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GRAMOPHONE (09/1999)
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Harmonia Mundi
HMG 501684




Code-barres / Barcode: 0794881853625

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Reviewer: Jonathan Freeman-Atwwod
 

No more apologies for this work. Historically in the shadow of Purcell's Dido, Venus and Adonis is fast becoming a recognized masterpiece of smallscale baroque drama. Blow draws considerable inspiration from French chamber opera both in matters of constitution and balance, though Venus and Adonis is still a distinctly English work with its poised, understated dialogue and an emotional denouement where Adonis's death from the tusks of a boar is touchingly tender in its measured, if demonstrative grief; the effect is not far removed from Dido's lament, though Purcell 's tragic vein is ultimately untouchable. There are, however, some superb examples of indigenous word-setting and declamatory arioso which put Blow in the Purcell bracket in several instances, not least in Cupid 's forthright scene-setting, sung with increasing assurance by Robin Blaze. Indeed, Rene Jacobs surrounds himself with many fine singers here, all of whom he marshals in lively and responsive performances. Rosemary Joshua is an irresistible Venus, who wastes not a word either in colourful representation or vocal suppleness, and Gerald Finlay's reflective longing accords with Jacobs's elegant and full-flavoured direction. More continental in nuance than Philip Pickett's direct and tightly-wrought account, Jacobs lends a gentle francophile accentuation to the dances rather than Pickett's deliberately organized characterization.

 

I t is hard to choose between Catherine Bott's classical bearing and Joshua 's sensual realism, and between Finlay and Michael George, both of whom deliver agreeably resonant performances. In terms of atmosphere - of which Blow is a tantalizing master - Pickett takes some beating in the languorous 'In these sweet groves' and the Westminster Abbey School Choristers convey more of the humour and charm of the famous Cupid's lesson than Jacobs 's brats (really the women of Clare College) who over-egg the pudding. Yet there is a nobility in the initial exchanges between the protagonists which, although it constitutes little more than spouting the other's name, is elevated by a doleful shimmer of recorders, which under Jacobs augurs much in its funereal symbolism. These responsive instrumental interjections from the OAE are even more effective in 'Hark, hark the rural music sounds'. Indeed, for all the mercurial magic of Pickett, the range of dramatic sensibility from Jacobs gives this new account an extra layer of realization and colour. There's colour, too , in the fact that Venus and Adonis was first performed with Charles II’s mistress Moll Davis as Venus, and Cupid played by his illegitimate daughter, Lady Mary Tudor.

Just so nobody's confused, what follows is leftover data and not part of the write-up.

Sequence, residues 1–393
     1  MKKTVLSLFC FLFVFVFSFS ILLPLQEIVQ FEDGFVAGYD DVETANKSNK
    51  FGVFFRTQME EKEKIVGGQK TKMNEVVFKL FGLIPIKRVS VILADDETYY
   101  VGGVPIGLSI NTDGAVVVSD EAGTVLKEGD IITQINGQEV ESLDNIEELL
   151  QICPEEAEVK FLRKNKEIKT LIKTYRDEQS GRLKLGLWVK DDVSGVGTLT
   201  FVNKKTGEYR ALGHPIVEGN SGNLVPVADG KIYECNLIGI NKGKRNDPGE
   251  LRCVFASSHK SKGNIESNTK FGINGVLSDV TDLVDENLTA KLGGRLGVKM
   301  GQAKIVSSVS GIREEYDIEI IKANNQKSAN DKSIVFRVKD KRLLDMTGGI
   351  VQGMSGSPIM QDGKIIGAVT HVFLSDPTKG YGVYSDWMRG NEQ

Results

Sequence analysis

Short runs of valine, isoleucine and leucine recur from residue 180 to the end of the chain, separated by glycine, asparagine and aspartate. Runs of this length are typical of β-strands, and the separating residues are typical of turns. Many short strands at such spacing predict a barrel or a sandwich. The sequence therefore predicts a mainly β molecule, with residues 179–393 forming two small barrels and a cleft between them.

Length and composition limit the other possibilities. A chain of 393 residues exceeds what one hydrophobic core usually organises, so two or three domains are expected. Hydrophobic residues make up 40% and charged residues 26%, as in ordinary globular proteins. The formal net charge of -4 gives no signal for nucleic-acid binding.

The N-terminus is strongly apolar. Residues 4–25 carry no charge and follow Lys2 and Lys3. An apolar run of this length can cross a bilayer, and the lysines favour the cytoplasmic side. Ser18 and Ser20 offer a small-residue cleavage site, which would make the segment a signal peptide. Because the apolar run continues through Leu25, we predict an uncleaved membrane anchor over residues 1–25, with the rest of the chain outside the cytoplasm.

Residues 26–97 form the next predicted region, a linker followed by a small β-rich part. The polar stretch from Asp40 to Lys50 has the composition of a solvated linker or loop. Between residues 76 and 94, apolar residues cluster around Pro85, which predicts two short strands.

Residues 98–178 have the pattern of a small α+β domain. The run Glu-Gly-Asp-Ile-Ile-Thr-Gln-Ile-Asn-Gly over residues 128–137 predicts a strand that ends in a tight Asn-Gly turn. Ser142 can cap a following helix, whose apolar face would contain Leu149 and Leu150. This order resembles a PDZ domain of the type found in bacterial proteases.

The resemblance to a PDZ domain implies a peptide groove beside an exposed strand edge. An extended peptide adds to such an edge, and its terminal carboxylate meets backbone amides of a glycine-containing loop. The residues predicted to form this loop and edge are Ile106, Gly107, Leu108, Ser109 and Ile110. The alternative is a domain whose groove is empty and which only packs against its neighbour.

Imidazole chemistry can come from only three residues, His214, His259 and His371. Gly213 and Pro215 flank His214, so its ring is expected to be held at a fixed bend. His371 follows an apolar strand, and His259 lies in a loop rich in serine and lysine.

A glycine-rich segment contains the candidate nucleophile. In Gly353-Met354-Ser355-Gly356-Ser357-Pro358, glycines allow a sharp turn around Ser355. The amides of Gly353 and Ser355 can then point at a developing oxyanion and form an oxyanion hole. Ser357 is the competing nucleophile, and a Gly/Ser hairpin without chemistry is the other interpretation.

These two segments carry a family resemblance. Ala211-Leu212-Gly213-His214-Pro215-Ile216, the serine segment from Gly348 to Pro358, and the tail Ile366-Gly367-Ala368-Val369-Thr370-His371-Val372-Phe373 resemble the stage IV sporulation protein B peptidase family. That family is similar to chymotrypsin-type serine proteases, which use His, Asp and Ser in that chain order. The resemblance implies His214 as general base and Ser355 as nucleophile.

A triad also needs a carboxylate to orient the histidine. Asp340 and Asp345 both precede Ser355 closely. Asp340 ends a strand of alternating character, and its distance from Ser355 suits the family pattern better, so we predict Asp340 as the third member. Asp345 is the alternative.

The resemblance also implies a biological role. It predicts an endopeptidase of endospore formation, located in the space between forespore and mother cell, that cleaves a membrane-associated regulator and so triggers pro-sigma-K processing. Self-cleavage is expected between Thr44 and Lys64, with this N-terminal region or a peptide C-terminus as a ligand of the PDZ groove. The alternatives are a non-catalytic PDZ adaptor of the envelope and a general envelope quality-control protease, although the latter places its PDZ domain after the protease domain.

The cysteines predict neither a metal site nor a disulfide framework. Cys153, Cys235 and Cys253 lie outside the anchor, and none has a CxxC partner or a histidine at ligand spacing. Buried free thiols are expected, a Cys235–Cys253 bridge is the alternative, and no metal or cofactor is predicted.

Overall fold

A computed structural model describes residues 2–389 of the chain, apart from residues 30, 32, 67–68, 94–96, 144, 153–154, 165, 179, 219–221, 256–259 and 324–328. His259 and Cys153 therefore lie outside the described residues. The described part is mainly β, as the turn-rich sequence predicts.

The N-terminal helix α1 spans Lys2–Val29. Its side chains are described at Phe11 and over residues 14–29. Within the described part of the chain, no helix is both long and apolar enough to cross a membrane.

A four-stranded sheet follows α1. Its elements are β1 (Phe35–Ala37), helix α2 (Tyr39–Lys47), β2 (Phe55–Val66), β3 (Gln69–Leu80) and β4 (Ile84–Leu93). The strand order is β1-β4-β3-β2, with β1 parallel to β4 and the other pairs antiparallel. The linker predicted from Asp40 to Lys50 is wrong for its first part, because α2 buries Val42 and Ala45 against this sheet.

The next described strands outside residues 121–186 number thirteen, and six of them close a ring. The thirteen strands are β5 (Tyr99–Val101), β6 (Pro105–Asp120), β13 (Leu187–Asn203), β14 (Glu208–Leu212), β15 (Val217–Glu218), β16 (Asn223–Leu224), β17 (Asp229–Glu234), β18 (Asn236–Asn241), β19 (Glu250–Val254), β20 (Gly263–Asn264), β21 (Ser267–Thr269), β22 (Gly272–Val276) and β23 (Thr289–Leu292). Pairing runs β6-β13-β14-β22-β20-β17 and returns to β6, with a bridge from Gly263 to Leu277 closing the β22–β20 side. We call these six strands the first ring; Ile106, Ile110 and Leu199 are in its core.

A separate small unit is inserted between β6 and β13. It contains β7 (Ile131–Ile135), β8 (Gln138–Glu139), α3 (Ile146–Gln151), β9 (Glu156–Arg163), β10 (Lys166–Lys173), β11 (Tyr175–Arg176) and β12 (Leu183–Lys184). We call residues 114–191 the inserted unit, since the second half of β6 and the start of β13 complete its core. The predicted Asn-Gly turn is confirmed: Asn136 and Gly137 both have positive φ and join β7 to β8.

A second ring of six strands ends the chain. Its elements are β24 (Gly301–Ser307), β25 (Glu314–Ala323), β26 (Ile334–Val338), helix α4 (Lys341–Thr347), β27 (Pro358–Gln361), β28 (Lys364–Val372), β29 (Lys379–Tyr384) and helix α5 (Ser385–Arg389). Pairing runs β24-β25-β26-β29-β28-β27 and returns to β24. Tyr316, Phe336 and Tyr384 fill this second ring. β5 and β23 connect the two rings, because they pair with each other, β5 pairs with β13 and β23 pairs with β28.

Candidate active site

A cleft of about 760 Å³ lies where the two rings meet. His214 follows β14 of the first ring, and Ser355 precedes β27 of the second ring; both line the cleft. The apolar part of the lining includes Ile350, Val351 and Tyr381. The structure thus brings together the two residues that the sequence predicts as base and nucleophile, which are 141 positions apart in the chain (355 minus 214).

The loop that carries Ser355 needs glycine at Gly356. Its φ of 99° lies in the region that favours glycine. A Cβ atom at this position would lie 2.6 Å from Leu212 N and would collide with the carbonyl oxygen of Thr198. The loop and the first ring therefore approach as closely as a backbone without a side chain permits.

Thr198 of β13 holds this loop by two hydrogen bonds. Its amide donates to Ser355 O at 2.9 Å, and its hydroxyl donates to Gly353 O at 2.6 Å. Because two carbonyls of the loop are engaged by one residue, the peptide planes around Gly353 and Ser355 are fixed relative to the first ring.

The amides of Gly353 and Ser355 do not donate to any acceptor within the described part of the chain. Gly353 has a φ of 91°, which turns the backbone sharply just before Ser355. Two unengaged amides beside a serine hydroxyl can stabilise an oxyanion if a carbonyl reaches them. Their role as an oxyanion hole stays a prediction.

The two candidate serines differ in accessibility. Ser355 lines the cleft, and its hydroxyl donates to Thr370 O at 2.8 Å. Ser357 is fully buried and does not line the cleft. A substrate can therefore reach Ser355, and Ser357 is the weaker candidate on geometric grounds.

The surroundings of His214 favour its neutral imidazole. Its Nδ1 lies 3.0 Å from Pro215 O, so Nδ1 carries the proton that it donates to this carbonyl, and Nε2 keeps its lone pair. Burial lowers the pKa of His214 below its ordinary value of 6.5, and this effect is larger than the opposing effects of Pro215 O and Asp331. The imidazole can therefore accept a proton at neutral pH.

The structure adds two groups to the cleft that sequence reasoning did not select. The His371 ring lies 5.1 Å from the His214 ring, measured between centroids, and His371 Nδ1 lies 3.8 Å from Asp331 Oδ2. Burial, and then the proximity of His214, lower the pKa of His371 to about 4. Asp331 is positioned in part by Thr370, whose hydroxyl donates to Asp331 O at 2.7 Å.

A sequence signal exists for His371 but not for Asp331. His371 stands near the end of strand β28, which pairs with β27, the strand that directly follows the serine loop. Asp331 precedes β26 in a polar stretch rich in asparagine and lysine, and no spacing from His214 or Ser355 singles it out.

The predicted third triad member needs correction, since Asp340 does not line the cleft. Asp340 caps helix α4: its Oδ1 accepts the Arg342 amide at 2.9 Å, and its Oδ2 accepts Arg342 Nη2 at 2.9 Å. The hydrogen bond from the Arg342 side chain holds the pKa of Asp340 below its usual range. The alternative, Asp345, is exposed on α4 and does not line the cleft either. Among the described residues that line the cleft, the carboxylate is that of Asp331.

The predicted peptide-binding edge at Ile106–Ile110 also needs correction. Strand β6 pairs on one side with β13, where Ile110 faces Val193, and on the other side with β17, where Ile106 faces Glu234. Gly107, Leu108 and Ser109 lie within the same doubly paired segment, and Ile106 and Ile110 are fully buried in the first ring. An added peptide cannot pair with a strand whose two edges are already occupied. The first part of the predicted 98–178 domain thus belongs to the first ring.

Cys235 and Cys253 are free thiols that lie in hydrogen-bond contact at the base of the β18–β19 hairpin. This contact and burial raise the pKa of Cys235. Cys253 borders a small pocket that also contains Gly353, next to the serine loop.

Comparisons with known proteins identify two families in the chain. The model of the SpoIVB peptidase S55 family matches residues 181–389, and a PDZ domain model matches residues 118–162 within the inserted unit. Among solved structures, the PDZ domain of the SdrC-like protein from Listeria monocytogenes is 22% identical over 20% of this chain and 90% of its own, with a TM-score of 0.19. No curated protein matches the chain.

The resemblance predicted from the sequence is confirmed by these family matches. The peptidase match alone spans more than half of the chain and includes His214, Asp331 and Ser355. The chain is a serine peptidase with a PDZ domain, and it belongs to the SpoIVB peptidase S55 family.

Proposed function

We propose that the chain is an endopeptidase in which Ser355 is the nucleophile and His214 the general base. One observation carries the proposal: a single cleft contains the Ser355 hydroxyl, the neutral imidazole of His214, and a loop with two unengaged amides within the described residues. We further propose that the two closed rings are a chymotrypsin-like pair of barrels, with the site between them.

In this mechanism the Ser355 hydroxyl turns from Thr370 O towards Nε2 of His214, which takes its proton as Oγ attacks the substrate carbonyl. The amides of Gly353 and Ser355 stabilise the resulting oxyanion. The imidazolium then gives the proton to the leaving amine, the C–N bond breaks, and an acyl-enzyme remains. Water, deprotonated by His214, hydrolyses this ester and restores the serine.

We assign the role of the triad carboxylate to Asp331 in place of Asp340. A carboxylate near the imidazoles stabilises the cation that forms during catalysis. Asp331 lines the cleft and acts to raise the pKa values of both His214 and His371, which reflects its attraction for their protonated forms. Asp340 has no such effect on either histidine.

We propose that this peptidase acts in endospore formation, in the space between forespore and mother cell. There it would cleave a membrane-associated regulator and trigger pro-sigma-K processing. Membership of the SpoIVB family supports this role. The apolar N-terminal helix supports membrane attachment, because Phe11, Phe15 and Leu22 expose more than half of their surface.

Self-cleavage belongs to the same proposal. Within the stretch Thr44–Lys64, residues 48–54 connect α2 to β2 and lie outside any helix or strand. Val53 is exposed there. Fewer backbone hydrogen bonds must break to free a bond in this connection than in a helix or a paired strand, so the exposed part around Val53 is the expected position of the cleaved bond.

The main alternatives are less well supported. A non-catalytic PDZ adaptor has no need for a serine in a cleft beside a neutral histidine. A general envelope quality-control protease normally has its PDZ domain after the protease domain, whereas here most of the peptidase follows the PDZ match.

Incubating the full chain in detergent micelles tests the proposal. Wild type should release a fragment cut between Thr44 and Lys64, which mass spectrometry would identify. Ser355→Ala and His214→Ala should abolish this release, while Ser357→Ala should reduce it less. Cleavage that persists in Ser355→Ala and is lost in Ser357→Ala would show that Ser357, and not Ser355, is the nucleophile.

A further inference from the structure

Since Sir Anthony Lewis's inaugural recording from 1953 (L'Oiseau Lyre, 3/54 - nla), then, we have had the Consort of Musicke's pioneering 'period' account, and London Baroque under Charles Medlam with Lynne Dawson as Venus, and all have been largely overtaken by The New London Consort under Pickett. This admirable new recording puts the work on yet another footing.

 


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